Texas decide extends injunction on Biden’s 100-day deportation freeze – Authorized Reader

A Texas judge has extended an injunction against President Joe Biden’s 100-day freeze on new deportations.

The Hill said Judge Drew Tipton of the U.S. District Court for the Southern Texas District has extended an earlier injunction against Biden’s decree. In his ruling, Tipton said that preventing undocumented immigrants from being removed by federal agencies could cause “irreparable” damage to states along the border.

“The court may ultimately be convinced of the defendants’ arguments, but any harm they may suffer by then does not outweigh the potential for irreparable harm to Texas,” wrote Tipton.

Tipton’s original order, The Hill adds, was due to end earlier this week.

A 2013 picture of Texas Attorney General Ken Paxton. Image via Wikimedia Commons / User: Alice Linahan Voices Empower. (CCA-BY-2.0).

The lawsuit was filed by Texas Attorney General Ken Paxton. Although President Biden specifically allowed certain deportations – including those of organized crime and terrorists – to continue, Paxton alleged that freezing or curtailing deportation departments at the Department of Homeland Security could have dire consequences.

“In one of the first of dozen of steps harming Texas and the nation as a whole, the Biden government directed the DHS to violate federal immigration law and break an agreement to consult and work with Texas,” Paxton said in a statement announcing the lawsuit. “Our state defends most of the country’s southern border. If the law is not properly enforced, our citizens and law enforcement personnel will be put at direct and immediate risk. “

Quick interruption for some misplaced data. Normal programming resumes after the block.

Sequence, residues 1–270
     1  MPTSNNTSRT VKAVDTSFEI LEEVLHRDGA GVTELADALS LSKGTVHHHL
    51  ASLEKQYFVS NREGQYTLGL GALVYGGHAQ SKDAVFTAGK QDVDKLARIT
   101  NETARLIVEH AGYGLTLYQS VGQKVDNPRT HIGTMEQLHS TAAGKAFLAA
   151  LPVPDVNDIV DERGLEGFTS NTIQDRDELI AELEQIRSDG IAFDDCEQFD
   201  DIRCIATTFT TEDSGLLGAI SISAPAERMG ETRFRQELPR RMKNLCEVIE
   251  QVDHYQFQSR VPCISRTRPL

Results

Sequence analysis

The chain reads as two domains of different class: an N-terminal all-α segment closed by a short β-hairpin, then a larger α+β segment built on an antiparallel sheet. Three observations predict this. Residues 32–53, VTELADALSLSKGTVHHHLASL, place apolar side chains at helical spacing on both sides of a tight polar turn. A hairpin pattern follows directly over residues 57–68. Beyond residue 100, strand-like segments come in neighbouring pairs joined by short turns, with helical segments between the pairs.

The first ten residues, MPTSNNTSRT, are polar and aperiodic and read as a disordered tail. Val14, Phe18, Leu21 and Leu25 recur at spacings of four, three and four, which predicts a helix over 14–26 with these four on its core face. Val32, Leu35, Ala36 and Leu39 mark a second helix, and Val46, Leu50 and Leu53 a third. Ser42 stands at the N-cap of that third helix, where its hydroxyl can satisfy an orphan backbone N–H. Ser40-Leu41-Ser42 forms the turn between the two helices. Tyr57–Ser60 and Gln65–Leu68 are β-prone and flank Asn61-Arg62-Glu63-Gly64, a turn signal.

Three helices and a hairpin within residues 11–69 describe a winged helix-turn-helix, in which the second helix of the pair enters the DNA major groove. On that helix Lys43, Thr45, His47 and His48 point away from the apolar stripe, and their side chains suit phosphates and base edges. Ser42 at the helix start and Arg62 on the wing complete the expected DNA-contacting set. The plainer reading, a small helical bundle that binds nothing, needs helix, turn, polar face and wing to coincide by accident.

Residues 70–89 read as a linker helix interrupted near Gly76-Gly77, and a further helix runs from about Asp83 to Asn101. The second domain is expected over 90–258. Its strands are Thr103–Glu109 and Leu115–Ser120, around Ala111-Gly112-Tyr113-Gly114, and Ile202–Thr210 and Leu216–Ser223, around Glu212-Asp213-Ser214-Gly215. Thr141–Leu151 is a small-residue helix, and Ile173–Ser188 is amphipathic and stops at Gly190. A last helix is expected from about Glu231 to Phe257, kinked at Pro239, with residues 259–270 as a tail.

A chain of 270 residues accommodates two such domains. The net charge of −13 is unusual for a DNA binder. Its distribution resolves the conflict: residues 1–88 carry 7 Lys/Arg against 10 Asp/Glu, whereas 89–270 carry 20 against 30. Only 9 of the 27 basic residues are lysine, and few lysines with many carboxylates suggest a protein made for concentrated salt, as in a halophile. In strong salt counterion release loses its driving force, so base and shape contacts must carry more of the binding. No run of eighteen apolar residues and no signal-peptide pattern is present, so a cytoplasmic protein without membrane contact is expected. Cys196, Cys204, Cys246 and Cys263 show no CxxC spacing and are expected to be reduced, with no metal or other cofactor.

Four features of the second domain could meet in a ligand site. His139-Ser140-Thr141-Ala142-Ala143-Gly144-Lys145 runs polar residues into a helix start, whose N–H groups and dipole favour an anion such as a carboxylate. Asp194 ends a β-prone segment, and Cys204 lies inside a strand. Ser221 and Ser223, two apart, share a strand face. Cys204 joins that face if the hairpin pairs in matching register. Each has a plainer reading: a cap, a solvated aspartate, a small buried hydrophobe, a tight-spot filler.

By and large, Paxton argued that President Biden and his administration had no power to stop deportations without first consulting Texas.

Paxton’s claim is based on a last-minute pact between the outgoing Trump administration and Texas. As LegalReader previously reported, the deal appears to be intended as a barrier to Biden’s likely guidelines.

The Hill notes that the American Civil Liberties Union intervened in the lawsuit on behalf of two undocumented immigrants.

In its own court records, the ACLU said that Texas – a single state – shouldn’t have the unilateral power to contain federal politics.

“The ramifications of this lawsuit are far-reaching: Texas claims an effective veto of national immigration policy and seeks to improve the first steps of a new government to determine national immigration policy just days after taking office,” the ACLU wrote in a January letter. “However, this is not just a government struggle for sovereign power. In this case, it is about serious human engagement. “

Paxton’s lawsuit had real consequences. The Texas Tribune reports how a woman – a survivor of the immigrant shootings in El Paso – was deported after a routine traffic obstruction.

An attorney for the anonymous woman says her deportation was the result of Paxton’s lawsuit and subsequent injunctions.


Federal judges are preventing the Biden government from suspending deportation for another two weeks

The judge extended the injunction against Biden’s deportation freeze

Comments are closed.